November 19, 2008
Edmonton's needle exchange program, Streetworks, on some days looks more like a prenatal clinic. Since 2005, Alberta has logged 14 congenital syphilis cases from an outbreak that also affects many potential Streetworks clients.
"We're the needle exchange program, but we work with the crowd that this was affecting, those that are involved in drug use, those who are involved in the sex trade, so we decided to do a project," said Marliss Taylor, program manager for Streetworks.
Using a $95,000 (US $76,700) grant from the Public Health Agency of Canada, Streetworks is able to target syphilis and other STD services to homeless pregnant women. The grant funds a part-time nurse position and two outreach workers who scour downtown, hop buses along 118th Avenue, and check places such as Kindred House and Hope Mission. So far, outreach workers Karen Turner and Laurie McDermott have found 50 pregnant women, including five who either had syphilis or were antibody-positive from a previous infection.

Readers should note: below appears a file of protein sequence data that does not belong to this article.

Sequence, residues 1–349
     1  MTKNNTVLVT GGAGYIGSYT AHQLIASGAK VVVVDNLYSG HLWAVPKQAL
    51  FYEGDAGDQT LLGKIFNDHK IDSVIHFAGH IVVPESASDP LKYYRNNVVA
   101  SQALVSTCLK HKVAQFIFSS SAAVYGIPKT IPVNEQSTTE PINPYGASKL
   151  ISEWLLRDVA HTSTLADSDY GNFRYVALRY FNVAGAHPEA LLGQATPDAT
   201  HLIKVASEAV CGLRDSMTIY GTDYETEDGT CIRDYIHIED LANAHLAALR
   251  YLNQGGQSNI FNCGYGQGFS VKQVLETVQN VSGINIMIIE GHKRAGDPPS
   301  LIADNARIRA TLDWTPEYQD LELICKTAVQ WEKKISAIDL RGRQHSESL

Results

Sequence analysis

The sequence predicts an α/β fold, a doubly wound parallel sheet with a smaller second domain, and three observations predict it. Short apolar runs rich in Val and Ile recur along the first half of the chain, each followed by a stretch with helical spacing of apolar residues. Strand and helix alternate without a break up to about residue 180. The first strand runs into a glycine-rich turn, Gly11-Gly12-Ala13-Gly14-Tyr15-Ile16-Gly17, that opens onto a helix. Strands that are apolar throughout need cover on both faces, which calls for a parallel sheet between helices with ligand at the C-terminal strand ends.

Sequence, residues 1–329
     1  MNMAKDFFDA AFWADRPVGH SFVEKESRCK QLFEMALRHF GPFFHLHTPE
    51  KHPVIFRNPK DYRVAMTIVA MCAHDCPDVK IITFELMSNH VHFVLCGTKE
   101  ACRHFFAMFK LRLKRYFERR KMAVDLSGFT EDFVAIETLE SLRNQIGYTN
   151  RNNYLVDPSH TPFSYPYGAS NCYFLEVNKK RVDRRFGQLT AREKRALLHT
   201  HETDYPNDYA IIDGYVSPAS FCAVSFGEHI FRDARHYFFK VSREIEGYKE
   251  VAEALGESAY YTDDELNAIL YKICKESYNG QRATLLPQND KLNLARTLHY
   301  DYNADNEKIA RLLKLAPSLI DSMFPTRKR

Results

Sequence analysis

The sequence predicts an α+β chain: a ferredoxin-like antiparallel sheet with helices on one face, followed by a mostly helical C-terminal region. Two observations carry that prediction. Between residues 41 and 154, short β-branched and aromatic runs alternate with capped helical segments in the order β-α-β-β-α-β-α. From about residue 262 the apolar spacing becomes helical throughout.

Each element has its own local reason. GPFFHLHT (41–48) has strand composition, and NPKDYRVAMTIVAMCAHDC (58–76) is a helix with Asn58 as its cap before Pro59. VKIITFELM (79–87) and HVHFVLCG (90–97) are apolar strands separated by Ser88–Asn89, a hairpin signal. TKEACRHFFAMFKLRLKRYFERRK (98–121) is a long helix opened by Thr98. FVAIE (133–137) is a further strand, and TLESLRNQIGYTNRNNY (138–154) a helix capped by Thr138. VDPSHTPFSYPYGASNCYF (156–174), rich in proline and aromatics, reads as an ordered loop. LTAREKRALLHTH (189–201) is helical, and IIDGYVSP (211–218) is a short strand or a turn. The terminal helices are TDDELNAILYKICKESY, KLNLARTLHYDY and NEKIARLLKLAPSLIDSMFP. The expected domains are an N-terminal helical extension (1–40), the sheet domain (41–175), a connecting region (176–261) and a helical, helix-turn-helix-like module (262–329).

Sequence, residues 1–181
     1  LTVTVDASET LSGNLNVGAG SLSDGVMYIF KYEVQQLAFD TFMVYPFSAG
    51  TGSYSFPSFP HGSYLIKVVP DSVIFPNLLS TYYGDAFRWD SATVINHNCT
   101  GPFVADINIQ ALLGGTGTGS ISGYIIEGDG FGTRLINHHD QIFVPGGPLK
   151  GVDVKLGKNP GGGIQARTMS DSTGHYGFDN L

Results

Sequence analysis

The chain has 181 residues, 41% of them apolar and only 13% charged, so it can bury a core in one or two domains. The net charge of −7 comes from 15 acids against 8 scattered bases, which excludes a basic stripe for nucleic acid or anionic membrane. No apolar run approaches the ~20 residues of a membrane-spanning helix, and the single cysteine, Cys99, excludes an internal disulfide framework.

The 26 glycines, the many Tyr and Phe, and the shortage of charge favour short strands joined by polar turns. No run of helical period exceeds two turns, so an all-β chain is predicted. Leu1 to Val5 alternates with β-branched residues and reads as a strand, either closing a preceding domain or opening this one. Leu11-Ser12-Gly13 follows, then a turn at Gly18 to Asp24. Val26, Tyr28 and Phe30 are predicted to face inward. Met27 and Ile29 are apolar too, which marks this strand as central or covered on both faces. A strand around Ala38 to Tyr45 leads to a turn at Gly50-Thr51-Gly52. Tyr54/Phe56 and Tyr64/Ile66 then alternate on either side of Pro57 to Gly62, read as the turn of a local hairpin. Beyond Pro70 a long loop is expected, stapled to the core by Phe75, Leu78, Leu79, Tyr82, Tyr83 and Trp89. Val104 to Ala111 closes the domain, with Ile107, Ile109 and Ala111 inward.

At Streetworks, nurse Amber Krasowki and Dr. Rubeena Ahmad also give women Pap smears and draw blood for testing. The small back room is fitted with an examination table donated by the Royal Alexandra Hospital (RAH). Krasowki counsels the women about breastfeeding, drug use, and their babies. Many of the women are reluctant to visit regular medical facilities, lacking an established address and fearful their babies will be seized by Children's Services.
In March 2009 the federal grant runs out, but Taylor hopes to find more funding. Streetworks has started a program to train health professionals about working with street people. Krasowki has been invited to speak with nurse practitioners at RAH, and she hopes to accompany new physicians on their rounds there. The program is developing a booklet on healthier pregnancy and living on the streets, and Taylor wants to create DVDs to educate the women.